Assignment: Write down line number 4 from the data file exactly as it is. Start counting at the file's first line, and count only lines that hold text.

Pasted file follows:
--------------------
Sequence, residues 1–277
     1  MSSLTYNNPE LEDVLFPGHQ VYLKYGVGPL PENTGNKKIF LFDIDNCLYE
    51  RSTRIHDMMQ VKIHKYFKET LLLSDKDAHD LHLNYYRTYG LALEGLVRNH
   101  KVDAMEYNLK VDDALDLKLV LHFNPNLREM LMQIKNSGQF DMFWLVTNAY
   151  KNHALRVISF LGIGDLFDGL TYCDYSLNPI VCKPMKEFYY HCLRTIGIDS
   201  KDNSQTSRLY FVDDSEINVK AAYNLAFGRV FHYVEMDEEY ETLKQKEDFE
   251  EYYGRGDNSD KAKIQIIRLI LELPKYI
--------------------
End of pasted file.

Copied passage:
   101  KVDAMEYNLK VDDALDLKLV LHFNPNLREM LMQIKNSGQF DMFWLVTNAY